Art, Philosphy, writing

In Search of Blue and the Anxious One

2015.12.20.031

Each new painting is an adventure for me since I am both an amateur and born explorer. I do not paint for others—but certainly do not mind if others enjoy my work. I chose the title of this paining “In Search of Blue and the Anxious One” to express the ambiguity of it. The word blue is full of ambiguity. It can connote the color of ice, a mood, a tune, a rare moon, a highway, illicitness, virginity, royalty, the sky, searching (blue skying) or even a “period” such as Picasso’s Blue Period. It can also mean a condition, a color or an act. I think no other word has so many contradictory meanings.

The act of painting what I am pondering puts me in a contradictory state. At once I am happy to be creating something and having a good time. Yet, I am anxious and worried that what I will do will be an embarrassment or not come close to the idea in my head. Certainly not a abnormal feeling for the amateur and the professional alike. I sometimes over-think things and choose a starting point that leads to a dead-end. Yet when I finally reach the point of closure—the point where the painting is “done”—the contradictions converge into an interesting state of equilibrium and contentment.

In this painting, started on December 20, 2015 and finished on January 26, 2016 I was thinking mostly about enigmas and identity. We all, I believe, wonder about who we are, where we belong and with whom (or not.)

In “The Book of Hours” Rilke writes this poem:

I am, you anxious one. Do you not hear me
rush to claim you with each eager sense?
Now my feelings have found wings, and, circling,
whitely fly about your countenance.
Here my spirit in its dress of stillness
stands before you,—oh, do you not see?
In your glance does not my Maytime prayer
grow to ripeness as upon a tree?

Dreamer, it is I who am your dream.
But would you awake, I am your will,
and master of all splendor, and I grow
to a sphere, like stars poised high and still,
with time’s singular city stretched below.

For me, I have belonged, for a long time, to the company I founded in 1981. It was all consuming. Even though I had a strong urge to paint, time evaporated. What was left went to family. Hardly anything was ever left in the tank for me. Now that I am rapidly disengaging from that enterprise I am energized to begin this new chapter. I am anxious each day to be in the studio; to read; to think about the next story. A new level of excitement is entering my corpus.

In a letter to Lou Andreas-Salomé, from August 10, 1903, Rilke wrote:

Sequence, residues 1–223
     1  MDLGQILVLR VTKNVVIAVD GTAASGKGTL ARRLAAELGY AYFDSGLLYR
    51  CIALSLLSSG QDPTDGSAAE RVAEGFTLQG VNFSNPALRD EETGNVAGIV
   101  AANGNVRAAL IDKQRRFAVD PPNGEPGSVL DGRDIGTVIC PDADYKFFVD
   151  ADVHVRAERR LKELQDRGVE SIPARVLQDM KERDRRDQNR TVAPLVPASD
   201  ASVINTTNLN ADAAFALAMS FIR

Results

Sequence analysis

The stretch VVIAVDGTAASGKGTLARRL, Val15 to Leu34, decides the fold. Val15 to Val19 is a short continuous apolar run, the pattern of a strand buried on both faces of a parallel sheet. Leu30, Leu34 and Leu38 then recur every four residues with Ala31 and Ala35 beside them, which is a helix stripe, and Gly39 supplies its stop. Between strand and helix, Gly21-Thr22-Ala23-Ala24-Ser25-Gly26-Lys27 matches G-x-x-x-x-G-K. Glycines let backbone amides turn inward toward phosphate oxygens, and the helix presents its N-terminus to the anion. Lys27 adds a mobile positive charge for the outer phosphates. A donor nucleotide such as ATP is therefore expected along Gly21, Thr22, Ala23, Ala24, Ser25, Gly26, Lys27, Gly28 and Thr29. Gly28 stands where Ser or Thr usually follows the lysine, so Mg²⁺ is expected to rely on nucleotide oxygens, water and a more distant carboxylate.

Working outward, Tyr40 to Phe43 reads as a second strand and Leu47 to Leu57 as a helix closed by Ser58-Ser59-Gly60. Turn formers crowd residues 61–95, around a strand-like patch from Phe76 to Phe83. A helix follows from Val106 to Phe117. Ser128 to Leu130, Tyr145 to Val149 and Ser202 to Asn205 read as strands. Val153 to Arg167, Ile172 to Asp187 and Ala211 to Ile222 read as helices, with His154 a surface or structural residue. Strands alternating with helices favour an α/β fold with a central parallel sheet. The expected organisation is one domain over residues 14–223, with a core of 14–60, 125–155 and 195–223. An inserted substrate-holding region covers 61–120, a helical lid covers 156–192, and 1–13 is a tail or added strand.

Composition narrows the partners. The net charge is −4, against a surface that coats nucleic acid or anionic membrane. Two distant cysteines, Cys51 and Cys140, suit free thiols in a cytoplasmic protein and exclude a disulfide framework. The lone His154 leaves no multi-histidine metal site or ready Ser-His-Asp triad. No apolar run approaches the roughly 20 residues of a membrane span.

Somehow I too must find a way of making things; not plastic, written things, but realities that arise from the craft itself. Somehow, I too must discover the smallest constituent element, the cell of my art, the tangible immaterial means of expressing everything… 

What is most important: I am not blue. I am in search of a singularity. I want to match my ignorance with elation. I look forward to being a fugitive in my studio sanctuary. I am my own dream and create my own ripeness. It is time to express. 

Yesterday, January 25, 2016, a friend of almost 50 years wrote this in an email to me about an earlier blog. I am posting it here since she did a good job of capturing my adventure:

“On Dec 18, 2015, at 2:36 PM, Jeff published this drawing/painting. ** has this to say about that:  Of all his recent works, this one best illustrates the current state of his Pilgrim’s Progress, at least to my mind it does, because I see, here, a recording of his transformative process, or the transformation itself (nod to Wittgenstein) of a highly structured existence now morphing into a new and as yet undetermined state of being. Jeff’s transformation. The dissolving rectangles represent an existence that required turning corners “on the square” … the dutiful obligation of a decent designer/architect, owed to a decent client. A life structured by relentless duties. The image of the unstructured cloud enveloping the rectangles demonstrates how remnants of his past existence are still partially connected and illustrates where Jeff is now: Becoming untethered, cutting loose, learning how to free-dance as he floats toward a new but unknown destination. “ **name withheld at the author’s request.

 

About Jeffrey Scherer

artist.father.grandfather.leftist.walker.retired architect

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